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Cataract Surgery | Jun 2010

Successful Correction of Irregular Astigmatism

Exploring ablation options with excimer and solid state lasers.

The Excimer Laser
Current technology can achieve a high level of success in moderate and high astigmatic correction.
By Maria Clara Arbelaez, MD; and Thomas Magnago, Dipl-Ing
Due to recent advances in refractive surgery, the complexities of correcting irregular astigmatism can now receive closer attention than ever before. Today, subjective evaluation of the patient's refractive deficit may not produce an accurate depiction of his preexisting astigmatism. To minimize poor postoperative results, the golden rule of refracting a patient is to select the measurement with the lowest cylindrical value. In cases in which multiple measurements of the same cylindrical value can be used, we should choose the one with the axis closest to the 180— of with-the-rule astigmatism. In cases where these rules do not help, we should select the one that shows the lowest higher-order aberrations.

Although we have strategies to select the most accurate preoperative measurements, we must devise proper treatment strategies that translate these into the best astigmatism correction. We believe that excimer lasers are the best technology to reach this goal; they can compensate actively for all kinds of cyclotorsional errors and customize the treatment zone.

Newer ablation algorithms for correction of spherocylindrical values are typically aspheric, compensating for biomechanical influences and thereby preserving existing higher-order aberrations, retaining the patient's habitual visual impressions and avoiding the need for neural adaptation. These sophisticated algorithms also take into account the geometric shape of the anterior cornea using keratometry (K) readings of the two individual axes. These readings allow calculation of energy loss due to reflection (Fresnel loss) and efficiency loss due to the geometric change of the spot shape.1,2 The higher the cylindrical refraction, the more significant the benefit of these calculations. If we do not consider the individual loss in both axes, a 5.00 D correction of astigmatism will result in approximately 0.30 D of residual irregularity, which will not create a perfect cylindrical shape. Not considering the loss of energy would result in approximately 0.60 D of irregularity.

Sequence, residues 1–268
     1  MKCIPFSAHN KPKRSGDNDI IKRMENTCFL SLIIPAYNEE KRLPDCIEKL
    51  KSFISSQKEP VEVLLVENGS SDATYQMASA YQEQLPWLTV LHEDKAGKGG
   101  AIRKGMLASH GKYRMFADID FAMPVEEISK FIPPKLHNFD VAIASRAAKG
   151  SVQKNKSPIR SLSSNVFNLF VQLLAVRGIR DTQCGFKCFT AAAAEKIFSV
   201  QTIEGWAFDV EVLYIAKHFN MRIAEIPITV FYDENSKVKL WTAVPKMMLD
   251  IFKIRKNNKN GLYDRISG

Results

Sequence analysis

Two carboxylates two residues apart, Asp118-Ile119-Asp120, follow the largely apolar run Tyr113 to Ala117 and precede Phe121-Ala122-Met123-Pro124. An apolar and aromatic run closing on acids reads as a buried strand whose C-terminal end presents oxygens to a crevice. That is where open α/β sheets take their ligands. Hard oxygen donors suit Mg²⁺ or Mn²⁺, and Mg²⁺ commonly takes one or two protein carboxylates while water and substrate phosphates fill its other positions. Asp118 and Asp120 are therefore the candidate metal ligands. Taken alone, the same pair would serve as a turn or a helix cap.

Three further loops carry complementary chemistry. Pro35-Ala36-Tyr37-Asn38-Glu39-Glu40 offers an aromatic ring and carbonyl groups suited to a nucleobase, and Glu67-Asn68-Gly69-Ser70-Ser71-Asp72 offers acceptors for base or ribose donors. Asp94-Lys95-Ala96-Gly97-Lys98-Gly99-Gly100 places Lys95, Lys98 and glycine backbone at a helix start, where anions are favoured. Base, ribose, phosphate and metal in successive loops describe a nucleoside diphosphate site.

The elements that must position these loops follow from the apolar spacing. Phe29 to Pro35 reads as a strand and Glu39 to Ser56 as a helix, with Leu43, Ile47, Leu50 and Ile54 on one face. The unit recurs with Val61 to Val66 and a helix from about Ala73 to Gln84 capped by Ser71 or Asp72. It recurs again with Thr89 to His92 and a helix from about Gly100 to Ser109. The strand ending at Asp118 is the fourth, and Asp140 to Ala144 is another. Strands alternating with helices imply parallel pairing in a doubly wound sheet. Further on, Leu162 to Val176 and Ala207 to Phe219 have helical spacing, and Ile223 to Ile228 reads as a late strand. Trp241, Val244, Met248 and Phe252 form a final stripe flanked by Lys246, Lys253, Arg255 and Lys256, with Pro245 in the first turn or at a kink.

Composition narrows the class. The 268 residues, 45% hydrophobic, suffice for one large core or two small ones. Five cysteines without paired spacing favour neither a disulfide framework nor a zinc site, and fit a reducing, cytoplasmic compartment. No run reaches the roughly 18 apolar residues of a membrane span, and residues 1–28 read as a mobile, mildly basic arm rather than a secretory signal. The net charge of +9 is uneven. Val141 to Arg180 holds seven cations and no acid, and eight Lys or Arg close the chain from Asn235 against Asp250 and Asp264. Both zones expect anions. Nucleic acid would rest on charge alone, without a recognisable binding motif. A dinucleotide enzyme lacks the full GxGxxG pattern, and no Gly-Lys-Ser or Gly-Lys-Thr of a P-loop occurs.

COMPENSATING FOR CYCLOTORSION
With the patient in position under the excimer laser, the laser should compensate for static cyclotorsion, adjusting the ablation profile to match the upright cyclotorsional position of the eye. This subsequently creates the foundation for dynamic cyclotorsional compensation, in which eye movements are tracked intraoperatively. We have found that the static cyclotorsional change between the upright and the supine position is within ±2.5° of rotation in 39% of patients and within ±5° in 72% (Figure 1A). Regarding intraoperative dynamic cyclotorsion, 42% of patients are within 1° of rotation (Figure 1B).

The six-dimensional eye tracker of the Amaris (Schwind eye-tech-solutions, Kleinostheim, Germany)3 reacts to lateral eye movements, eye rolling, and variations in the z-axis that describe the height position. Arba-Mosquera et al4 showed that, at a cylindrical value of 3.00 D, a small rotation of 2° changes the refraction by 0.25 D; a 5° rotation immediately shifts the effect by 0.50 D.

Another key to successful astigmatism correction is the diameter of the optical zone. We typically choose an optical zone of 6.5 to 7 mm; however, in some cases it is safe to go even larger. Wide optical zones are ideal for long-term stability, whereas smaller optical zones can cause optical disturbances such as halos and glare.